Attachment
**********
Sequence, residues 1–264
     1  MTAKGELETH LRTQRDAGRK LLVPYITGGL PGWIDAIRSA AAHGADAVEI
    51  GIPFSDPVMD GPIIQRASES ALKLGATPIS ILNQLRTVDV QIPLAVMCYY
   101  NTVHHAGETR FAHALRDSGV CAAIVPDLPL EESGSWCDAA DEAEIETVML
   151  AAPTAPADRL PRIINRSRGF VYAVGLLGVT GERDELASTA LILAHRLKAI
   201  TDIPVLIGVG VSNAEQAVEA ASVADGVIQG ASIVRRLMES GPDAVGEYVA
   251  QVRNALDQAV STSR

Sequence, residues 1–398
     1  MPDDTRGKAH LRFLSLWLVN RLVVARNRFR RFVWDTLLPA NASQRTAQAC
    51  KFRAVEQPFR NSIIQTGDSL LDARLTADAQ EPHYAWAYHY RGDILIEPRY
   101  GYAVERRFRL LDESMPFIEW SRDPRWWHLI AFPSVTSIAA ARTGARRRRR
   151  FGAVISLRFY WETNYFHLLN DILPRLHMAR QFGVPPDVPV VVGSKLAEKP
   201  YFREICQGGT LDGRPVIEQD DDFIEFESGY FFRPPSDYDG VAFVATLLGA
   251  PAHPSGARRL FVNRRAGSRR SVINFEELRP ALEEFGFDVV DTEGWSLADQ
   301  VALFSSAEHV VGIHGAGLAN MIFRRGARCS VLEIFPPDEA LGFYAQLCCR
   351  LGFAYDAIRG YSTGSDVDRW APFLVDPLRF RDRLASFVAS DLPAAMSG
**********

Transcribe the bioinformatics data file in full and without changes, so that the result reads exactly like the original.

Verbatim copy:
Sequence, residues 1–264
     1  MTAKGELETH LRTQRDAGRK LLVPYITGGL PGWIDAIRSA AAHGADAVEI
    51  GIPFSDPVMD GPIIQRASES ALKLGATPIS ILNQLRTVDV QIPLAVMCYY
   101  NTVHHAGETR FAHALRDSGV CAAIVPDLPL EESGSWCDAA DEAEIETVML
   151  AAPTAPADRL PRIINRSRGF VYAVGLLGVT GERDELASTA LILAHRLKAI
   201  TDIPVLIGVG VSNAEQAVEA ASVADGVIQG ASIVRRLMES GPDAVGEYVA
   251  QVRNALDQAV STSR

Sequence, residues 1–398
     1  MPDDTRGKAH LRFLSLWLVN RLVVARNRFR RFVWDTLLPA NASQRTAQAC
    51  KFRAVEQPFR NSIIQTGDSL LDARLTADAQ EPHYAWAYHY RGDILIEPRY
   101  GYAVERRFRL LDESMPFIEW SRDPRWWHLI AFPSVTSIAA ARTGARRRRR
   151  FGAVISLRFY WETNYFHLLN DILPRLHMAR QFGVPPDVPV VVGSKLAEKP
   201  YFREICQGGT LDGRPVIEQD DDFIEFESGY FFRPPSDYDG VAFVATLLGA
   251  PAHPSGARRL FVNRRAGSRR SVINFEELRP ALEEFGFDVV DTEGWSLADQ
   301  VALFSSAEHV VGIHGAGLAN MIFRRGARCS VLEIFPPDEA LGFYAQLCCR
   351  LGFAYDAIRG YSTGSDVDRW APFLVDPLRF RDRLASFVAS DLPAAMSG